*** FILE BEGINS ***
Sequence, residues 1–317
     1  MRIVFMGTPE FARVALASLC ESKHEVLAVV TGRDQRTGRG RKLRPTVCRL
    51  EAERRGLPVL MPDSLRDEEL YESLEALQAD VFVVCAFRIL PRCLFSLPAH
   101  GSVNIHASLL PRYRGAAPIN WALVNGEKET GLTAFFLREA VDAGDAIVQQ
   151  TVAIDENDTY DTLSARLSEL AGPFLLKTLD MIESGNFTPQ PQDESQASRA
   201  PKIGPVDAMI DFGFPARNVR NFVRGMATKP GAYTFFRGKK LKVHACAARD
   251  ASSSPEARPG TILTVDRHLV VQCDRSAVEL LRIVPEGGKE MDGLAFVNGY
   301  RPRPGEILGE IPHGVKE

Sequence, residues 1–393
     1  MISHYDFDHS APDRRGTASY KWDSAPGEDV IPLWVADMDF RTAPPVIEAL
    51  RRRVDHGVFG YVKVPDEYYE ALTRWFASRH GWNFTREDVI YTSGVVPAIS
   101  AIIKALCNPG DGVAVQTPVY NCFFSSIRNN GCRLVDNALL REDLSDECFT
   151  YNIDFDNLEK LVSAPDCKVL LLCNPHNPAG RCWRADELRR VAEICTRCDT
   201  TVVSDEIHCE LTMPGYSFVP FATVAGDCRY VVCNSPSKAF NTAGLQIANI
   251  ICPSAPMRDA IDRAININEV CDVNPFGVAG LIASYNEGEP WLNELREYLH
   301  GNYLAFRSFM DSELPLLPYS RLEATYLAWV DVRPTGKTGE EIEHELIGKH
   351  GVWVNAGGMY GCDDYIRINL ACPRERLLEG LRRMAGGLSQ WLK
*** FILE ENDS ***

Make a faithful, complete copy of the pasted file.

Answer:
Sequence, residues 1–317
     1  MRIVFMGTPE FARVALASLC ESKHEVLAVV TGRDQRTGRG RKLRPTVCRL
    51  EAERRGLPVL MPDSLRDEEL YESLEALQAD VFVVCAFRIL PRCLFSLPAH
   101  GSVNIHASLL PRYRGAAPIN WALVNGEKET GLTAFFLREA VDAGDAIVQQ
   151  TVAIDENDTY DTLSARLSEL AGPFLLKTLD MIESGNFTPQ PQDESQASRA
   201  PKIGPVDAMI DFGFPARNVR NFVRGMATKP GAYTFFRGKK LKVHACAARD
   251  ASSSPEARPG TILTVDRHLV VQCDRSAVEL LRIVPEGGKE MDGLAFVNGY
   301  RPRPGEILGE IPHGVKE

Sequence, residues 1–393
     1  MISHYDFDHS APDRRGTASY KWDSAPGEDV IPLWVADMDF RTAPPVIEAL
    51  RRRVDHGVFG YVKVPDEYYE ALTRWFASRH GWNFTREDVI YTSGVVPAIS
   101  AIIKALCNPG DGVAVQTPVY NCFFSSIRNN GCRLVDNALL REDLSDECFT
   151  YNIDFDNLEK LVSAPDCKVL LLCNPHNPAG RCWRADELRR VAEICTRCDT
   201  TVVSDEIHCE LTMPGYSFVP FATVAGDCRY VVCNSPSKAF NTAGLQIANI
   251  ICPSAPMRDA IDRAININEV CDVNPFGVAG LIASYNEGEP WLNELREYLH
   301  GNYLAFRSFM DSELPLLPYS RLEATYLAWV DVRPTGKTGE EIEHELIGKH
   351  GVWVNAGGMY GCDDYIRINL ACPRERLLEG LRRMAGGLSQ WLK